Areca ARC-1220 8-channel PCI-e 8x RAID card RRS feed

  • Question

  • I currently have built a WHS server utilizing a Gigabyte GA-M61PM-S2 motherboard.  This MB has 4 SATA II ports I believe arranged onto 2 SATA controllers (correct me if I am wrong).  I have four HD501LJ 500GB drives, giving me around 2 TB of space.  I also have a Thermaltake VA3000BNA case that this all rests in.  Per the specs, I have 11 drive bays in total.  5x 3.5" HD cage in front of a fan, 2x 3.5" device bays and 4x 5.25" device bays.  From the beginning I had always assumed I would use every internal bay (one way or another) for internal hard disks, minus one for the DVD drive.  That leaves me 10 bays, of which 6 are available.


    I now want to add more storage so I can completely digitize both my CD and DVD collections as well as both my families (my wife's and mine) photo album and family photo histories.  To that end I have been looking at multi-port SATA II controllers which can handle more than 4 drives in order to max out my case space before being forced to go external.  As most of you realize, once you go over 4 it starts to get pricey.  I am not bothered by this but at the same time want to keep costs relatively as low as possible of course.


    I have taken a liking to the Areca ARC-1220 (8 drive) PCI-e 8x to SATA II RAID controller.  All the reviews I have read have given *stellar* reviews of its driver support and performance.  So now onto my question....


    Which is a more ideal situation, configuring this controller for its onboard RAID and putting all the drives on the card, showing WHS one partition, giving the redundancy and performance control to the card -OR-  configuring the Areca (if not possible with this card, another) to BASE the drives so they all show up as individual physical drives to WHS and let WHS do the work (knowing this is partly what WHS has been designed to do).


    I realize the later pretty much negates the "greatness" of this board, so if this is perfectly acceptable (or the performance difference is neglible to the end users), what card is available on the market that will serve 6+ SATA II disks on one PCI-e slot *without* RAID functionality (and subsequently lower cost)?

    Wednesday, April 25, 2007 3:57 PM

All replies

  • My opinion is that it's better to expose the drives individually to WHS. A RAID array is difficult (often impossible) to extend, and there are a fair number of reports of folks here in the forums having trouble getting WHS to install on a drive connected to a controller that requires a driver.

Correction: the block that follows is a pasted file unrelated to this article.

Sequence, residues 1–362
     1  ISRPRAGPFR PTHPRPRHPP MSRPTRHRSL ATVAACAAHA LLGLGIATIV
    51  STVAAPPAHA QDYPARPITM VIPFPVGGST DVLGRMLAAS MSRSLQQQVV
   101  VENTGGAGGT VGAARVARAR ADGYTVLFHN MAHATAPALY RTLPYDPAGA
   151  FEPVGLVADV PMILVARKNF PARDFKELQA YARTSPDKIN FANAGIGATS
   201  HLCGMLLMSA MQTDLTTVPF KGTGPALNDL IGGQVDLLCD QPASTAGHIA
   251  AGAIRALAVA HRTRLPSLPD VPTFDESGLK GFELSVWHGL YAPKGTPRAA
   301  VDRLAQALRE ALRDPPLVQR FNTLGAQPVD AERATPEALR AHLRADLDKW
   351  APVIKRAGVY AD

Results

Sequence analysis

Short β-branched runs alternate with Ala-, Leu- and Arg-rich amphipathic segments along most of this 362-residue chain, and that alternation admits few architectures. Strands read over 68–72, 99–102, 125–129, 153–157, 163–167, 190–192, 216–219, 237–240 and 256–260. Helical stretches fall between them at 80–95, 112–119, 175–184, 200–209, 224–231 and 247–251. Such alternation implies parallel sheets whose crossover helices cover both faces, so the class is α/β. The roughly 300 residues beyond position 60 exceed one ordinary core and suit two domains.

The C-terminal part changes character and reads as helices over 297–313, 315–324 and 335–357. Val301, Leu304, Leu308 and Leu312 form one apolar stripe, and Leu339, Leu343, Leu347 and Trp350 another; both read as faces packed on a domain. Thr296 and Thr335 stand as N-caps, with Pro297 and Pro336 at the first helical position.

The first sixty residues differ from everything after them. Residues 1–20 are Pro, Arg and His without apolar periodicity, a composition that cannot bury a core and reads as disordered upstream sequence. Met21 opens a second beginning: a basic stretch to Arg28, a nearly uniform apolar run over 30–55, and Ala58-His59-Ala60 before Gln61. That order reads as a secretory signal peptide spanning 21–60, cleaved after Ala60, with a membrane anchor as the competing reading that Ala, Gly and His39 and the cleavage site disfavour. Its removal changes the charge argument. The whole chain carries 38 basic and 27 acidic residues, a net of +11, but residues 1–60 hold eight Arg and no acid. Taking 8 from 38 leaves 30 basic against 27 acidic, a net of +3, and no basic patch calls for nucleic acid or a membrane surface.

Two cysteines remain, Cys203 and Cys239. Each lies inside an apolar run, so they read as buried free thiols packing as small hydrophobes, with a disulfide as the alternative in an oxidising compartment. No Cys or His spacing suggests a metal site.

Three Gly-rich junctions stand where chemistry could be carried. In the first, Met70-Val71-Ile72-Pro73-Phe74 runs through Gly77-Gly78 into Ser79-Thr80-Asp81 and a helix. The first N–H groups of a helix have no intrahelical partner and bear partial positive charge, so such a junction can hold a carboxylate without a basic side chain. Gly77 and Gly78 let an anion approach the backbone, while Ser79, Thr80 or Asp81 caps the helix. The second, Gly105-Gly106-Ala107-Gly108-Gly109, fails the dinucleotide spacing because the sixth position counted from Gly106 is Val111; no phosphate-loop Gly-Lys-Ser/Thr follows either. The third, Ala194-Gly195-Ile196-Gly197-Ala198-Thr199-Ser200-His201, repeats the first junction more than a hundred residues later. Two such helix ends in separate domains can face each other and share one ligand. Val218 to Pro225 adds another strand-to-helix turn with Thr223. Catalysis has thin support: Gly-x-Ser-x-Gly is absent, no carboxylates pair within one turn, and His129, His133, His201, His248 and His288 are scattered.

You won't find a card on the market that delivers 6+ SATA connectors that doesn't support RAID, BTW.
    Wednesday, April 25, 2007 5:21 PM
  • Although I have served as an administrator before, I have *never* attempted nor looked to configure a RAID controller to run the drives individually like that.  So part of my concern is, can all the modern RAID controllers be configured to run in a non-RAID fashion or does this go on a case by case basis?  Anyone have experience with this particular card at all, not just with WHS?  The other part of my concern is over a card with more than 4 channels since my MB (the GA-M61PM-S2) has 2x PCI, 1x PCI-e 1x and 1x PCI-e 16x.  I am already taking up one of the PCI slots with a modem so I can use faxing at all my computers on the network through a fax printer driver.  Maybe I am better off with a plain-Jane pair of SATA II controllers mix-matched in 2 of the remaining 3 card slots?  Opinions?
    Wednesday, April 25, 2007 6:30 PM
  • I've been using a Areca ARC-1170 24-channel PCI-X for about two years now and I've been very happy with this card. Based on my experience, I would recommend and buy Areca again. When I first loaded WHS on my server system I set all the drives connected to this card to Just a Bunch of Drives (JOB) thinking I would just use drive extender duplication features to protect my data. After re-thinking this discussion due to the type of data I was storing (movie files) I decided I didn't want to use all that disk space duplicating movie files would require so I decided to go with a combination of the two. I currently have 9 hard drives connected to this card. I configured 5 of the hard drives as raid 5 configuration and the other four as a second raid 5 configuration. I broke it this way due to the size of the hard drives 500GB and 300GB respectively. Because WHS see's each raid 5 setup as a single large hard drive on files I want drive extender to duplicate it can by spreading the files across the two raid 5 hard drive sets. As for the files like the movie files which as far as I'm concerned too large to duplicated and have that shared folder duplication turned off and used the raid 5 features as the safety net in case of a hard drive failure. In the future if I need to expand, all that needs to be done with this card is to expand the raid volume, create and new partition in that free area, then add it to WHS using drive extender, it looks like just another hard drive. Pre-WHS I was using Windows dynamic volumes, which allowed me to create additional partitions and combined them, but I was told WHS doesn't support this technology. This configuration has so far has been working flawless. I feel it gives me all the data loss protection I need for the type of data I'm storing.



    Thursday, April 26, 2007 12:12 AM
  • That is great to hear!  Using a combination of the two sounds like an interesting angle I had not considered before.  It certainly provides a solution as my data needs are very similar to yours.  After hearing this and considering all the other great things being said about this card I think it's given me enough confidence to purchase, I just need to determine if Areca makes a similar card to the one I mentioned that also has eSATA ports for future expansion outside the case as well.  Thanks for the great input jlhinrichs!
    Thursday, April 26, 2007 11:17 AM